California gets some company

Via Motorcycle Daily, it looks like California will no longer stand alone in the US in allowing lane-splitting.

So kudos to the Arizona legislature for honoring the Goldwater legacy of personal liberty tempered by individual responsibility with Arizona House Bill 2475. Introduced by Harley-Davidson-riding Representative Jerry Weiers (say “wires,” R-District 12), the bill will legalize, for a one-year probationary period beginning January 1, 2011, lane-splitting in stopped traffic. It will only apply in counties with populations greater than 2 million (according to 2006 population estimates, this is just Maricopa county, with the Phoenix-Glendale-Scottsdale megalopolis). The bill sailed through the Transportation committee (which Weiers chairs) and the House Rules committee, and has been read to the State Senate as well. It's looking like there is little opposition to the bill so far, which makes sense: those who lean to the left should like the message of encouraging the lower environmental impact of motorcycle transportation, and those on the right should appreciate the individual-rights angle.

I don’t like lane-splitting in moving traffic, mainly because here in Southern California, no-signal-no-looking-lane-changing idiots are likely to run you over.  On the other hand, I almost invariably lane-split at stoplights.  As long as you exercise reasonable prudence, it’s not a big deal.

Author: Dale Franks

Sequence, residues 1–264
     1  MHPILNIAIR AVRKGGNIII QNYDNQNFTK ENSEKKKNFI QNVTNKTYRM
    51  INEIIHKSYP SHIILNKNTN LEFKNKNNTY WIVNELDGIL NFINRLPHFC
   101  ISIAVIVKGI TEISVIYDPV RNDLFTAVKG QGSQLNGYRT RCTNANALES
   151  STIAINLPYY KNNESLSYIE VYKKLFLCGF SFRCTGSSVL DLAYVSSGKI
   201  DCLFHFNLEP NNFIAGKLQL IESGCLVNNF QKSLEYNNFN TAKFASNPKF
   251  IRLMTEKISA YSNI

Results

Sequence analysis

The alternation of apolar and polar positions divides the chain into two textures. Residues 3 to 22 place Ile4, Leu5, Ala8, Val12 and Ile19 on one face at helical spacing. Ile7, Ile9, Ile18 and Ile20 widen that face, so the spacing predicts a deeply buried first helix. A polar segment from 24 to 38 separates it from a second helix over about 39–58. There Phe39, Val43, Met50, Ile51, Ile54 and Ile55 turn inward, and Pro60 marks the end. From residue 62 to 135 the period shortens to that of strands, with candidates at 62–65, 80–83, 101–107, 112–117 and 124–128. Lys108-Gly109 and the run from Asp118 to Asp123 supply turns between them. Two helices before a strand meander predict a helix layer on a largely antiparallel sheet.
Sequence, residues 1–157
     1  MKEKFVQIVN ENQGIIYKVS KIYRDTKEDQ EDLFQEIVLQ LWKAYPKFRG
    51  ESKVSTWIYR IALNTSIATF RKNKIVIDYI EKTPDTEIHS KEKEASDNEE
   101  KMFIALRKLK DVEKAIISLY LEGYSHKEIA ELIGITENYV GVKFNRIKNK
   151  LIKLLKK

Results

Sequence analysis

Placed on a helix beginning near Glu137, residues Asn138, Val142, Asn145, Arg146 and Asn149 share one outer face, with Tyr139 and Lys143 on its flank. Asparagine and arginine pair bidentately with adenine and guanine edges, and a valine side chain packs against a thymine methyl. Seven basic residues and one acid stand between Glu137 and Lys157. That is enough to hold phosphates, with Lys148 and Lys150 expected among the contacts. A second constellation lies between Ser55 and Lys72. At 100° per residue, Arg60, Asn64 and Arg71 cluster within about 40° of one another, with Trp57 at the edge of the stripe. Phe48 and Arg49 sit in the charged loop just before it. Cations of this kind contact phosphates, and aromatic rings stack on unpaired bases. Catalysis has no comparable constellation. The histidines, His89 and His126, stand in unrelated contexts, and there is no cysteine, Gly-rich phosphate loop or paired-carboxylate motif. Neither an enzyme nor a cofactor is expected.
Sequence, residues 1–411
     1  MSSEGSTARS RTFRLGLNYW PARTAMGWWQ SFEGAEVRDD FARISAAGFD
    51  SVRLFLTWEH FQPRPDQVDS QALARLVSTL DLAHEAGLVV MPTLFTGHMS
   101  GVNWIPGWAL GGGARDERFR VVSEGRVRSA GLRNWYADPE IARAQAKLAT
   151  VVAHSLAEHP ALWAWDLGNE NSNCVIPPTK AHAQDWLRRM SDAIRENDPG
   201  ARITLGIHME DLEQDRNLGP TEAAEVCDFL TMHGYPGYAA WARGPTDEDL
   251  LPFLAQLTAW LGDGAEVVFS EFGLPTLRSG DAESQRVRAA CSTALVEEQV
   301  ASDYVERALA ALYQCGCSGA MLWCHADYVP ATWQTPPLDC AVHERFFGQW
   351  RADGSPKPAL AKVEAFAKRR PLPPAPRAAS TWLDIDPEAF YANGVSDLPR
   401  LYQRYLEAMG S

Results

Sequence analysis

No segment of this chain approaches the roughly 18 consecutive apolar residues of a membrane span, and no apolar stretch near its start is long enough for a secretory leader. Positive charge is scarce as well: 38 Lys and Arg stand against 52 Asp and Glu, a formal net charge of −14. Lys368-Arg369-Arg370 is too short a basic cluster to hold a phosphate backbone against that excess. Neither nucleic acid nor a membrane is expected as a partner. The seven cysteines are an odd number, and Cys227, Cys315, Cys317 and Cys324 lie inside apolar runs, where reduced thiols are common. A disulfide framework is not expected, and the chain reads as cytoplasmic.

Dale Franks is the former host of The Business Day, ”a daily, four-hour business and financial news program on KMNY Radio in Los Angeles. From 2002-2004, he was a contributor on military and international affairs for TechCentralStation.com. Currently, he a publisher and editor of the monthly political journal The New Libertarian, as well as an editor of the popular web log, Q and O. Dale served as a military police officer in the United States Air Force from 1984 to 1993, in variety of assignments both in the United States and Europe, where he also was assigned to the staff of the Headquarters of Allied Forces Central Europe. In addition to broadcasting, writing, and speaking on various topics, Dale has also been a long-time technical training instructor on a variety of computer software and technology subjects. Dale has also long been involved with information technology as an accomplished web designer, programmer, and technologist, serving as the corporate knowledge specialist for Microsoft Outlook at SAIC, the nation's largest employee-owned corporation. Additionally, he is the author of a number of software user guides used for classroom training by one of Southern California’'s premier computer training and consulting firms. His book, SLACKERNOMICS: Basic Economics for People Who Find Economics Boring, is available from Barnes & Noble.